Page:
Two Satursdays ago, I took a shovel to a weed patch.  Hiding under that invasive overgrowth is good dirt, ripe for a garden.  But the green blanket of nuisance is covering it, so I took to digging.  Forty-five minutes later, good dirt smiled through and said to me, “Fill me with your seeds.  Flowers.  Vegetables.  Greens.  Let beautiful and delicious things grow here.”  I dragged three cans full of weeds to the curb for pick-up, went in the house, cleaned up, and began folding the mountain of clean laundry that needed to be put away.
            The weeding wasn’t done.  I was just done weeding.  I picked it back up yesterday. I got more done but still wasn’t finished.  Again, I went inside to fold Laundry with college football on in the background.  Fold the laundry.  Put it away.  Rinse.  Repeat. It’s a lot of work to maintain a home.  It’s good work.  A blessing.  But still, a lot of work.

            “We are no longer strangers and aliens,” Ephesians 2:19.  We are no longer cut off from God or the people of God.  The verse continues, “We are citizens with the saints and also members of the household of God.”  I mentioned three weeks ago that we would talk about HillSong as “the household of God.”  Our aim is to maintain this household so that all who come feel welcomed and feel at home here. 
            However, after setting that goal, I did a message about grace.  And then last week’s message was about how the Christian view of reality is more hopeful than any other.  In essence, that too is a message about grace.  Why so much emphasis on grace when the end in mind is to build up the household of God? I think people are scared of God; scared of what it will mean for them to be too close to God.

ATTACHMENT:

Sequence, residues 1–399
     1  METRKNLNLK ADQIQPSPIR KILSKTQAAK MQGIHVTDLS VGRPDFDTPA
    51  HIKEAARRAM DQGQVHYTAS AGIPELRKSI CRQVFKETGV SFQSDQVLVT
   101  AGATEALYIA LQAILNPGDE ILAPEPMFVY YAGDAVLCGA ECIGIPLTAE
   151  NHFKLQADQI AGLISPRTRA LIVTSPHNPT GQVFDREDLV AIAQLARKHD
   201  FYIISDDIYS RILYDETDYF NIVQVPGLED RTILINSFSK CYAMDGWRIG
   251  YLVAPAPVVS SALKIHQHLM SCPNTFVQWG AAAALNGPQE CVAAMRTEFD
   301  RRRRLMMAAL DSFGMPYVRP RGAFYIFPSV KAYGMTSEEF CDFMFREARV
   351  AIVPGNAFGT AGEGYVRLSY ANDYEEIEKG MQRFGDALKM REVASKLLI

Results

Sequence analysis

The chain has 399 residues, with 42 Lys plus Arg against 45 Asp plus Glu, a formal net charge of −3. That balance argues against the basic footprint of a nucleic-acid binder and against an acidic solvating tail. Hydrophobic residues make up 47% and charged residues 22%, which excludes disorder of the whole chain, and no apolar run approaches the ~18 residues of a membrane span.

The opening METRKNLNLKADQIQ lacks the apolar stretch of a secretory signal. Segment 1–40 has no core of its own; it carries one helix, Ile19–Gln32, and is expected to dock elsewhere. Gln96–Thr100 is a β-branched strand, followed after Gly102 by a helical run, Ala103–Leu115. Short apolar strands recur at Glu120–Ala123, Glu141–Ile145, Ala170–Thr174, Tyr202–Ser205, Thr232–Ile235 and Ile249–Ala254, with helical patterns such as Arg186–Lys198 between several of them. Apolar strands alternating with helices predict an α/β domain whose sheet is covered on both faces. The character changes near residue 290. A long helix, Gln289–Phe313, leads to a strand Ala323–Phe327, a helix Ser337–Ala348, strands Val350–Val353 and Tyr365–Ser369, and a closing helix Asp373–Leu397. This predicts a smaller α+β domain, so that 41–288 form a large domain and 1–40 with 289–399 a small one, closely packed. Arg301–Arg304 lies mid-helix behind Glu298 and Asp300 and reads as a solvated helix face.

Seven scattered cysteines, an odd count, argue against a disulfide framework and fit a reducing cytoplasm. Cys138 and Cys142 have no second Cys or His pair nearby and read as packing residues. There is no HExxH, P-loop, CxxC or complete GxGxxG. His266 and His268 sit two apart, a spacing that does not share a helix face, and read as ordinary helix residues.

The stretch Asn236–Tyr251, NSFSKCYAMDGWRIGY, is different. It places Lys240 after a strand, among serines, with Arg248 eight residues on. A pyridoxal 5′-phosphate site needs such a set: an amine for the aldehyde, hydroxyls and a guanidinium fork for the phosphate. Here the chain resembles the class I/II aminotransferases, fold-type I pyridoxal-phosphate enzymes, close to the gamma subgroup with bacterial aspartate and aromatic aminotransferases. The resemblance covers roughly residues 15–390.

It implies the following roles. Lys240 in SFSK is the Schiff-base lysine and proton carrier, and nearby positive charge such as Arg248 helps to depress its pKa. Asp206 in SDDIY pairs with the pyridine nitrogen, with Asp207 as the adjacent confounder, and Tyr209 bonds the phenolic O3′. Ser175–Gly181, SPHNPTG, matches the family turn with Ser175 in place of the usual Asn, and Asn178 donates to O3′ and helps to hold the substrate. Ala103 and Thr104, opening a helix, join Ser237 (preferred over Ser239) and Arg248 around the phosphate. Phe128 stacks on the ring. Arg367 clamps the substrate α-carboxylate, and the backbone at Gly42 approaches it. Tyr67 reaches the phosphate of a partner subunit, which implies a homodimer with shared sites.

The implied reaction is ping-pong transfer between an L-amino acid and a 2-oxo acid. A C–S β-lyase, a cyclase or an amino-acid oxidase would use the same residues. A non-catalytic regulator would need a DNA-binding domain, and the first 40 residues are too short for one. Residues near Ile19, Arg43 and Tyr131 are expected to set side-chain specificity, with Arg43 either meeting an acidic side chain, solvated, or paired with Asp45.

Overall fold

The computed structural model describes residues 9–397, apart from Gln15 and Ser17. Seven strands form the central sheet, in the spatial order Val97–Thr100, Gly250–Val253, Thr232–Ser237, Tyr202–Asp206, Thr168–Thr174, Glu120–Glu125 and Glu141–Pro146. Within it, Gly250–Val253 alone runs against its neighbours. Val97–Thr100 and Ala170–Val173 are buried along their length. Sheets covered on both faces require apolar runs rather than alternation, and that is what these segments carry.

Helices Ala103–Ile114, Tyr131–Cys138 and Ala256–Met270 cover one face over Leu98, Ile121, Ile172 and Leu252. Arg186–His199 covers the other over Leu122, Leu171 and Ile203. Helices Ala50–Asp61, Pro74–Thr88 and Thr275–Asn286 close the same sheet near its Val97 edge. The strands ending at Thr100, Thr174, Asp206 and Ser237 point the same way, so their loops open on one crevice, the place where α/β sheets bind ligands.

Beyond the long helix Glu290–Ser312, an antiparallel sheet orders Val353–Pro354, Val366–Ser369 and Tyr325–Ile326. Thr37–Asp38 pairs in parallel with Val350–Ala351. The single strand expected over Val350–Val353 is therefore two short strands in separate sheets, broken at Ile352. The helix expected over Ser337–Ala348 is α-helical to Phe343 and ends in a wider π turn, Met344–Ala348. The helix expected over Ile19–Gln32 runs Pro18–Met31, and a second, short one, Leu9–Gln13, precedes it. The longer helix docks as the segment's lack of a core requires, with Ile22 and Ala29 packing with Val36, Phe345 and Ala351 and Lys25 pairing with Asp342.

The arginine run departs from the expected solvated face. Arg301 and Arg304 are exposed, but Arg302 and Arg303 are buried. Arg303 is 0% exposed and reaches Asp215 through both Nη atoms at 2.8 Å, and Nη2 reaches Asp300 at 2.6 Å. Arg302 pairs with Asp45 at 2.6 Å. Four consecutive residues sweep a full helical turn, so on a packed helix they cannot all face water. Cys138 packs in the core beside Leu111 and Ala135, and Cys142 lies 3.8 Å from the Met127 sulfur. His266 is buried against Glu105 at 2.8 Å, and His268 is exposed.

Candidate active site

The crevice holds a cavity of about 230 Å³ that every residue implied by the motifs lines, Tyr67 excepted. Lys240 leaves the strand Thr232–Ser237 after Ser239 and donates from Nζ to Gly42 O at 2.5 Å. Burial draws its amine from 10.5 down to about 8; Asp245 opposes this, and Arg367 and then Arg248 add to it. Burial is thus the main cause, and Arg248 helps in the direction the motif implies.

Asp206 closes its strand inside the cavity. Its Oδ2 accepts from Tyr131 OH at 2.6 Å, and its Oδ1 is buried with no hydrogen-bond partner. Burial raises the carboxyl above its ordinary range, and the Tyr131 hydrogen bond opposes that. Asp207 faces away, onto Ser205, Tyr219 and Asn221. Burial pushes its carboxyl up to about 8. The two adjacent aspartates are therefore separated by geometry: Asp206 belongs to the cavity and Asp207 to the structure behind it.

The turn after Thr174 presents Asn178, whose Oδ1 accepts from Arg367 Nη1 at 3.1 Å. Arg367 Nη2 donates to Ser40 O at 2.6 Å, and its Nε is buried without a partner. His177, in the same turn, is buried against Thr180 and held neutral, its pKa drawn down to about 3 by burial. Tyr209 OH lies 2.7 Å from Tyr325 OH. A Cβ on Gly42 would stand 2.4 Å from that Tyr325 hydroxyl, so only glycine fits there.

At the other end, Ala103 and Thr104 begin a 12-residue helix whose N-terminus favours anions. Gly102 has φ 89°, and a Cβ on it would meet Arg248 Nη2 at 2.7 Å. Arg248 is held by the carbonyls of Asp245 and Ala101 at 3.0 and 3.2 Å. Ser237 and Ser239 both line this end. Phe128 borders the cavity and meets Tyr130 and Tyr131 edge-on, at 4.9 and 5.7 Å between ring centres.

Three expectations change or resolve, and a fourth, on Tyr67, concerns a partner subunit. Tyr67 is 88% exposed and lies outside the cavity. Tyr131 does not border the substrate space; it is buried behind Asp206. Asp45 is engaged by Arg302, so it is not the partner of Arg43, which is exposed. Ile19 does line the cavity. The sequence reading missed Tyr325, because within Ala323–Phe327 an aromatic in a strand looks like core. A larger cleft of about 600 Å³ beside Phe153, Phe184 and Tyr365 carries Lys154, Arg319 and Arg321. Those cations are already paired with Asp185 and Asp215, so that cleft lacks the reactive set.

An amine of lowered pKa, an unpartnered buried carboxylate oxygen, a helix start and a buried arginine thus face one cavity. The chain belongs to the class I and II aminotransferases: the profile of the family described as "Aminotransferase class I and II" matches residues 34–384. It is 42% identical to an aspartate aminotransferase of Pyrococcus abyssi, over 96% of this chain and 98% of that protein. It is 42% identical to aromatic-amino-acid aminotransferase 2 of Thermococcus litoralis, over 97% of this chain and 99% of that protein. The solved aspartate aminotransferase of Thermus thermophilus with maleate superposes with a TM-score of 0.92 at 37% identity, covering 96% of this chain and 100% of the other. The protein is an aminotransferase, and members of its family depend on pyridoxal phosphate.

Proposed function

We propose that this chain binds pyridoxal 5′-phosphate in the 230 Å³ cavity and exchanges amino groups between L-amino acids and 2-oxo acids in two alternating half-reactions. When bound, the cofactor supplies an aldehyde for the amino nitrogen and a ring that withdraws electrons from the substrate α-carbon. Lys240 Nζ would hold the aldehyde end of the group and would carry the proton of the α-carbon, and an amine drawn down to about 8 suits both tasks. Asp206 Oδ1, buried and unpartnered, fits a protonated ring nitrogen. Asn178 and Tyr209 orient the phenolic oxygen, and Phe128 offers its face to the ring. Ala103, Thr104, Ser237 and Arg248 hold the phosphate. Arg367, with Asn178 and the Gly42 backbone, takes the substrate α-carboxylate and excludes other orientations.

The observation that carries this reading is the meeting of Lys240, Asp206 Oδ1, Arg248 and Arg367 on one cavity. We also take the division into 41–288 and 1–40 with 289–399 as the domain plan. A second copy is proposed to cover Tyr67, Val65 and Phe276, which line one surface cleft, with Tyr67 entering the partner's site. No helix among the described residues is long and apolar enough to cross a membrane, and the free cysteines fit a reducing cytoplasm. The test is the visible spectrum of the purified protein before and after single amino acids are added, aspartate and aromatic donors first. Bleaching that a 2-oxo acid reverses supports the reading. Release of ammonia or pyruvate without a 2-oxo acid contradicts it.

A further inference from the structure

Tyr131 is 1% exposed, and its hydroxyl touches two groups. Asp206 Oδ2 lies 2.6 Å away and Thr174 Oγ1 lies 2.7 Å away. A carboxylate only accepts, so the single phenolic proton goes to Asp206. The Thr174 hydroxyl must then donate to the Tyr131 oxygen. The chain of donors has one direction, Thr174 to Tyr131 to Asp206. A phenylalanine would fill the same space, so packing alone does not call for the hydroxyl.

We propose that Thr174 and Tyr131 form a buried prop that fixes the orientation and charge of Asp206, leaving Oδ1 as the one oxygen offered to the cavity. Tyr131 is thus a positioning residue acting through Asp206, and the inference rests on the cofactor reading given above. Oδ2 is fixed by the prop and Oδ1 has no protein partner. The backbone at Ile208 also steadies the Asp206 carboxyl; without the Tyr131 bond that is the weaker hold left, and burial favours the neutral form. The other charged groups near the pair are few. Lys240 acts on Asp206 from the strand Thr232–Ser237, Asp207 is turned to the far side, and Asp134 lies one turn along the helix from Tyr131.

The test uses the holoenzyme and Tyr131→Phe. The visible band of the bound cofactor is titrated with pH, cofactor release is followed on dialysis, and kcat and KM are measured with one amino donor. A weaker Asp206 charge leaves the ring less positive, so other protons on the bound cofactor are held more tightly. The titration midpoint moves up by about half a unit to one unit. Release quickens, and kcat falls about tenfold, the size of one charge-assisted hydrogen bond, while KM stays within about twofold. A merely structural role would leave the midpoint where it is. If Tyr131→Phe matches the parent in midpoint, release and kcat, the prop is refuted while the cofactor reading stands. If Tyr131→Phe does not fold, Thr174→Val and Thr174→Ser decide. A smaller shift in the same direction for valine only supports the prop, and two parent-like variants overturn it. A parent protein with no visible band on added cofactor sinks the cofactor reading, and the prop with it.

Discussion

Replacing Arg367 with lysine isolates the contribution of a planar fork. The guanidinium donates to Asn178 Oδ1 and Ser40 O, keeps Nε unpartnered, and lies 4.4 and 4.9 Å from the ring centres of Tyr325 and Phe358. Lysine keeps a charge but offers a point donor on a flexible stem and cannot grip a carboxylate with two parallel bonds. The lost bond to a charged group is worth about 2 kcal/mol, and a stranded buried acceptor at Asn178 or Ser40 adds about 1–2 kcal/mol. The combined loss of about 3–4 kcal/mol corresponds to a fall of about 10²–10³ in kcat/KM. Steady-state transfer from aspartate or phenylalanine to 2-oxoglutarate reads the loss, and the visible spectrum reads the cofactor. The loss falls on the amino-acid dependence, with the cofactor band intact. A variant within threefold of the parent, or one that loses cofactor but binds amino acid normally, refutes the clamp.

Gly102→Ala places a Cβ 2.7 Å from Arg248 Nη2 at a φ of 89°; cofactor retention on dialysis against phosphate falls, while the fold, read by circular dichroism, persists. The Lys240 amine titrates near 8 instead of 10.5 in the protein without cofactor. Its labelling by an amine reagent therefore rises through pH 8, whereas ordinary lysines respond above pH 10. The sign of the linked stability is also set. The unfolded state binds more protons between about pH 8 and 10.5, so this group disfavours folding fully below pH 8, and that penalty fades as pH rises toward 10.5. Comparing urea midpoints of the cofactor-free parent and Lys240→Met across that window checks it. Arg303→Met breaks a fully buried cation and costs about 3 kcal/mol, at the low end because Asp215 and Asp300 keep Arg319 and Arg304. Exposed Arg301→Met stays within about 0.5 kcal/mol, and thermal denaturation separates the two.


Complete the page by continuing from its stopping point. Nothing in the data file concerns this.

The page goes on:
The question for reflection in your bulletin is “what, specifically, makes it hard for you to draw near to God?”  It’s unhelpful to be generic with this question. 
What make it hard to draw near to God? I ask.  Sin, you say.
That neuters the question.  You say, well sin is what cuts people off from God, so the answer must be sin.  It’s logical.
Yes, I respond, but which sin
Drinking to excess? 
Abusing power? 
Living in paralyzed fear when God calls us to bold faith? 
Living in affluence surrounded by need when God calls us to extravagant generosity? 
By saying “sin is what prevents anyone from coming close to God,” we avoid naming our individual, specific sins that prevent us from drawing near to God.  Church goers love condemning sin in general and especially love damning sins that don’t tempt them.  We don’t like it so much when talk of sin turns to our sins and thus to confession.  We have to confess things we have done, sins we have committed that hurt people and serve to separate us from a relationship of closeness and trust with God. 
Verse 13 says, “You who once were far off have been brought near by the blood of Christ.”  I have seen people sit in the sanctuary as far back as possible during worship.  If we moved the back wall 15 further back, they’d be grateful.  Because up front is where the communion table is; up front is where the baptismal pool sits.  The big cross high up on the wall is up front.  That’s too close to God.  That’s terrifying. 
Why is it hard to draw near to God?  Before we can begin doing our part to maintain the household God has constructed in Christ at work in the hearts of people, before we can live as God has invited us to live, we have accept God’s invitation to come close.    That means we have to be honest with ourselves and about ourselves.  We’re sinners.